Skip to 0 minutes and 4 seconds Welcome to this course which introduces you to antimicrobial stewardship. The course was first released in September 2015 as an open, online-facilitated course. We are delighted that this course has been hugely successful with over 31,000 learners participating globally. The course has now been redesigned to create this high quality, open, on-demand, but non-facilitated version which you have registered to join. The course begins with the video scenario of an outbreak of a multidrug-resistant infection in the hospital setting to illustrate the need and importance for better antimicrobial prescribing. Each week has been developed by experts in their field who will take you through the steps to help you understand antimicrobial stewardship and how to introduce and implement this in your own clinical area.
Skip to 1 minute and 19 seconds We hope you find the course interesting, stimulating, useful, and above all, enjoyable. I do hope you continue to support our post course evaluation, which is very important to us.
In this video Professor Dilip Nathwani welcomes you to the course.
As a practicing infectious diseases physician, Professor Nathwani has a key interest in antimicrobial stewardship. He leads a national stewardship programme in Scotland and is recognised as a global leader in this field.
The course has been created in collaboration with The British Society for Antimicrobial Chemotherapy, and the University of Dundee.
Antimicrobial resistance (AMR) has become a global problem.
Lives lost from AMR: The damaging effects of antimicrobial resistance (AMR) are already manifesting themselves across the world. Antimicrobial-resistant infections currently claim at least 50,000 lives each year across Europe and the US alone, with many hundreds of thousands more dying in other areas of the world.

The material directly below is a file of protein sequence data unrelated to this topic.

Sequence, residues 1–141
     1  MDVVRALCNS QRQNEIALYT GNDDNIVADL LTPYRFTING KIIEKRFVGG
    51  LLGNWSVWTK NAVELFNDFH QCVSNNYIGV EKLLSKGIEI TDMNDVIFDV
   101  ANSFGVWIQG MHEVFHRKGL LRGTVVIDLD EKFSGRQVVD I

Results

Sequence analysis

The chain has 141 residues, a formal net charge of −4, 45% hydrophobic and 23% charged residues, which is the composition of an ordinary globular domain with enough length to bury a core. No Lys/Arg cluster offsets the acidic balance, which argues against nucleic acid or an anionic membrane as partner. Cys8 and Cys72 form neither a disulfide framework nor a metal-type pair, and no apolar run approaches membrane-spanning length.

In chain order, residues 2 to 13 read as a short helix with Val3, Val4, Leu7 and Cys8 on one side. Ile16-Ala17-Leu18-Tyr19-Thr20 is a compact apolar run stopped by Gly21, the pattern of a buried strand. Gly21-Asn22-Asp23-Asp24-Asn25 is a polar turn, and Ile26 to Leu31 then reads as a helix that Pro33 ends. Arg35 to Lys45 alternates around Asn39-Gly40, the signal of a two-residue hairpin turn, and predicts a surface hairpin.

The Review on Antimicrobial Resistance (2014) by O’Neill summarised the following issues:
AMR a global problem: There is considerable variation globally in the patterns of AMR, with different countries often experiencing a variety of major problems. Despite this and in contrast to some health issues, AMR is a problem that should concern every country irrespective of its level of income.
Treatment options limited: Although in modern, well-funded healthcare systems, obtaining access to second and third-line treatments may often not be an issue, mortality rates for patients with infections caused by resistant bacteria are significantly higher, as are their costs of treatment. We are seeing in parts of Europe an increasing number of patients in intensive care units, haematology units and transplant units who have pan-resistant infections, meaning there is no effective treatment available.
Global consumption up: Global consumption of antibiotics in human medicine rose by nearly 40% between 2000 and 2010, but this figure masks patterns of declining usage in some countries and rapid growth in others.
Overuse and misuse leads to harm: The use of antimicrobials, however appropriate and conservative contribute to the development of resistance but widespread unnecessary and excessive use makes it worse. We need to promote prudent prescribing.
If you’d like to take a closer look at O’Neill’s report follow the link in the See Also section at the bottom of the page.
Who is this course for?
This course is aimed at clinicians and healthcare professionals involved in delivering or planning stewardship programmes, infection prevention and control practices, public healthcare epidemiologists, leaders or policy makers in this area, public partners and anyone who wishes to learn about this discipline.